One minute test

All languages: post your test recording here. Help check audio files, provide editing services, and advertise for proof-listeners.
Post Reply
Jagoda
Posts: 15
Joined: September 8th, 2020, 11:46 am

Post by Jagoda » September 15th, 2020, 10:46 am

i hope that's the spot. I was using Audacity on Windows, analog.
https://librivox.org/uploads/tests/test_Jagoda.mp3

Jagoda
Posts: 15
Joined: September 8th, 2020, 11:46 am

Post by Jagoda » September 15th, 2020, 11:27 am


adrianstephens
Posts: 1440
Joined: August 27th, 2019, 5:06 am
Location: Cambridge UK
Contact:

Post by adrianstephens » September 16th, 2020, 3:31 am

Jagoda wrote:
September 15th, 2020, 11:27 am
Audacity, Windows, Analog
https://librivox.org/uploads/tests/test3_Jagoda.mp3
Hello,
Welcome to librivox. You have a nice clear voice. I don't speak russian :0(.


You need to make change(s) in order to meet Librivox's technical standards.

Required: The file's format is MP3 mono at variable kb/s. The specification we use for all MP3 recordings in Librivox is mono 128 kb/s constant bit rate. You can set this on the "save as MP3" dialog in Audacity, and it will persist the next time you do a save.

Required: The volume is too low.
You can download the checker program (https://wiki.librivox.org/index.php?title=Checker) which you can use to check the volume against the expected range. This recording was 66 dB, and the normal range is 86-92 dB.

The file does not end with quiet period of 3-5 seconds. There are technical reasons why this needs to be there.

Required: There is a lot of background noise. It sounds to me like electrical hiss.
You can listen to the noise by taking a portion of silence and normalizing it (Effects/Normalize) to that you can hear it clearly. Think to yourself, what is the source of the noise?
There are three things you can try to reduce the background noise. You might need to do more than one of these.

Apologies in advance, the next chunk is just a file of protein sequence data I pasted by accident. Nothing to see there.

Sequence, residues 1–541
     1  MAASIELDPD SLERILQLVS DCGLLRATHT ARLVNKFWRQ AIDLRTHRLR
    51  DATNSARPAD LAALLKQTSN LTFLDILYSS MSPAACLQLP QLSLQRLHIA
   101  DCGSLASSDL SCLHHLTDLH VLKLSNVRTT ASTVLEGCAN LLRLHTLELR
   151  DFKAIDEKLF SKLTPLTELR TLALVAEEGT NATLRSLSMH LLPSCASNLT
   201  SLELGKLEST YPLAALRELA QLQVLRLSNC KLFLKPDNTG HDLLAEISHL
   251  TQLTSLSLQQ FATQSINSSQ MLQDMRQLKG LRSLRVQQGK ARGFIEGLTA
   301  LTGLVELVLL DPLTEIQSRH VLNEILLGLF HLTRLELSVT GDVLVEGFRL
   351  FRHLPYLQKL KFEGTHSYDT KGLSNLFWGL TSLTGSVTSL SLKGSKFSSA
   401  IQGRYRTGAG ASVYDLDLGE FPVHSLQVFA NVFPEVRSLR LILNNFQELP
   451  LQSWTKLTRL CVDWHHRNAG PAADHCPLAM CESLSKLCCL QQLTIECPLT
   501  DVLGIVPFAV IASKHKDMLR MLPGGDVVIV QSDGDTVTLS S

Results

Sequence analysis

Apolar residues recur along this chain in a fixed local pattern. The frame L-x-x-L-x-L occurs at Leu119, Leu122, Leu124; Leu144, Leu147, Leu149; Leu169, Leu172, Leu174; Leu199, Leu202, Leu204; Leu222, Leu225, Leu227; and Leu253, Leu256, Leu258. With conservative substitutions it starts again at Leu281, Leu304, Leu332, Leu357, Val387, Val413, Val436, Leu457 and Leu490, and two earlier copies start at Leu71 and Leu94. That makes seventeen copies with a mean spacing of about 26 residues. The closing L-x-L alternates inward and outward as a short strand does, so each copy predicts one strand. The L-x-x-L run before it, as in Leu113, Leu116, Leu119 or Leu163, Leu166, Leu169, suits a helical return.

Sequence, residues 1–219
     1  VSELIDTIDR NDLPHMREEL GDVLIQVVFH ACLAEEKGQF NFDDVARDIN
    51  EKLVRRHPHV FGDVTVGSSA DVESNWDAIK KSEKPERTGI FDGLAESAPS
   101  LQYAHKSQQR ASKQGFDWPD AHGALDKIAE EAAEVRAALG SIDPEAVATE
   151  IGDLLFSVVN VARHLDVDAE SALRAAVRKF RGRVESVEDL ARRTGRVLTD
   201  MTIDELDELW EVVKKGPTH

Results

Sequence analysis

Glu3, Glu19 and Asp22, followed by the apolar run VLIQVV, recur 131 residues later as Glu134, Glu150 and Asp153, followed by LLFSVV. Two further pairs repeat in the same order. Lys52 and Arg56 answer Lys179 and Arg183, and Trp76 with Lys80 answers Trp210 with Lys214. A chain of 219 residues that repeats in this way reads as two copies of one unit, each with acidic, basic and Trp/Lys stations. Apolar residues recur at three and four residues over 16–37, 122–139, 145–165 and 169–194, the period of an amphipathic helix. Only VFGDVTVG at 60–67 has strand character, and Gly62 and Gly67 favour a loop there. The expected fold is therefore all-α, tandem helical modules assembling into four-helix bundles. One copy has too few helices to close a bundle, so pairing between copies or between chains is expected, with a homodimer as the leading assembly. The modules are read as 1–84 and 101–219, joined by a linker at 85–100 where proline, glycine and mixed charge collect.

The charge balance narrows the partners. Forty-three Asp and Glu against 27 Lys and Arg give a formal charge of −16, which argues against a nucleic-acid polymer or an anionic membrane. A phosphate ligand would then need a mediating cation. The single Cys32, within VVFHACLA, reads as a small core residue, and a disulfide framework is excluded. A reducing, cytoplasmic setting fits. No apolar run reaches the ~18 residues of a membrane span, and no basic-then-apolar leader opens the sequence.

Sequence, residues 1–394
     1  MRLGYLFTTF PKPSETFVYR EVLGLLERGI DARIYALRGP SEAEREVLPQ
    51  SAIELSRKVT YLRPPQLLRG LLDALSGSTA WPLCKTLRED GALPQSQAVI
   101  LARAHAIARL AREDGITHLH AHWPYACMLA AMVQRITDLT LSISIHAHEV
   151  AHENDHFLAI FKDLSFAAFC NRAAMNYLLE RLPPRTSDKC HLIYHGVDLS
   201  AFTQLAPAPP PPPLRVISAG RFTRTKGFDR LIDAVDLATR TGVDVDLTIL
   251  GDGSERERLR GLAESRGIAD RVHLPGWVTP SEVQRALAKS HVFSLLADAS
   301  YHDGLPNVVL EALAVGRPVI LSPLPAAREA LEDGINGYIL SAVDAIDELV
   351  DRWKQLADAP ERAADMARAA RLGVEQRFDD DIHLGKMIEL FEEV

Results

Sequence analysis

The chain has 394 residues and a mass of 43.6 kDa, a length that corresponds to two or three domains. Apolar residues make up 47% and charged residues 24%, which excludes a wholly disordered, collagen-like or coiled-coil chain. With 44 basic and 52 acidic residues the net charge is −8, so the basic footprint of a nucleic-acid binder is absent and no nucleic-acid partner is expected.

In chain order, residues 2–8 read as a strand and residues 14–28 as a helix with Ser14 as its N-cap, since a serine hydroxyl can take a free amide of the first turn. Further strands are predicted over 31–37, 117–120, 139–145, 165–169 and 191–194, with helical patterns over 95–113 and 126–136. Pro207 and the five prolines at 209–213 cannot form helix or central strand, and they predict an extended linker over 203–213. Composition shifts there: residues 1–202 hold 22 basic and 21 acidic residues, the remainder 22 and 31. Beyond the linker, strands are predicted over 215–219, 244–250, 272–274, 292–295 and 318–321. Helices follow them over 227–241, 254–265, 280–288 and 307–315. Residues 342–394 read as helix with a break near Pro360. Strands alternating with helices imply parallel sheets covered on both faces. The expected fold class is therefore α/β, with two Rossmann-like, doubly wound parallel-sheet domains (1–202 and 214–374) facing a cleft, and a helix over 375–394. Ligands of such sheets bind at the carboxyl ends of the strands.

1. Avoid the noise. Move to a quieter room. Turn off the clothes drier. Choose a quieter time of day to record. Set the laptop power settings to "passive cooling".
2. Move closer to the microphone, but watch out for those "p" sounds! You should be about 4 inches (10cm) from the microphone. You will need to position it to the side or use a pop filter.
3. Use noise reduction using Audacity. You can highlight the noise in Audacity by changing the track's display mode to "Waveform (db)" using the little pulldown arrow just to the right of the track name. I recommend leaving it there, as I do all my editing in this mode. Then perform noise cleaning as shown here: https://wiki.librivox.org/index.php/Noise_Cleaning. I recommend making this a part of your editing routine. You'll be surprised how much difference it makes, but be careful of over-doing it (more than about 18dB), which can affect the quality.

The quality of the mic you are using is poor. It sounds like it is doing some processing of the sound itself. The section of the speach at 1s sound like you're talking underwater. Can you try an alternative mic?


Please address at least the required technical issue(s) and upload a new version. If you quote this message in your reply, I'll get a notification and will go in and re-check.

If you want to upload a new version and quote this message in your reply, I'll get a notification and will go in and re-check.


If you haven't already, you might spend some time browsing through the LibriVox Wiki. It contains a wealth of great information that you'll find useful and informative about who does what, and various technical aspects.


Thank you for participating in Librivox,
Adrian Stephens

PS - If you're interested in developing your technique, and have the time to spare there's a whole bunch of informative YouTube videos.
Our excellent admin Phil has recorded a lot of highly accessible videos (https://wiki.librivox.org/index.php?title=Instructional_Videos).

I have also recorded a number of YouTube videos on this subject, longer (and thereby going into more detail) than Phil's.

Part 0: Introduction. https://youtu.be/pMHYycgA5VU
Part 1: Installing Audacity https://youtu.be/w_QZ15c4_10
Part 2: Setting the Volume https://youtu.be/-RoWbeJoMKk
Part 3: The Checker Program https://youtu.be/-5szxU8JE7c
Part 4: ReplayGain plugin https://youtu.be/jwmSVJIDeVM
Part 5: Performance and Volume https://youtu.be/WaekYMX519I
Part 6: Microphones looked at https://youtu.be/gcVYx3ZSrfs
Part 7: Microphones listened to https://youtu.be/607ijxEw7mU
Part 8: Noise Reduction Using Audacity https://youtu.be/KsFkmvF-9d0
Part 9: Avoiding Pops https://youtu.be/zPpz1qv0XSk
Part 10: Recording and Marking Mistakes https://youtu.be/G_ceO3YmcM8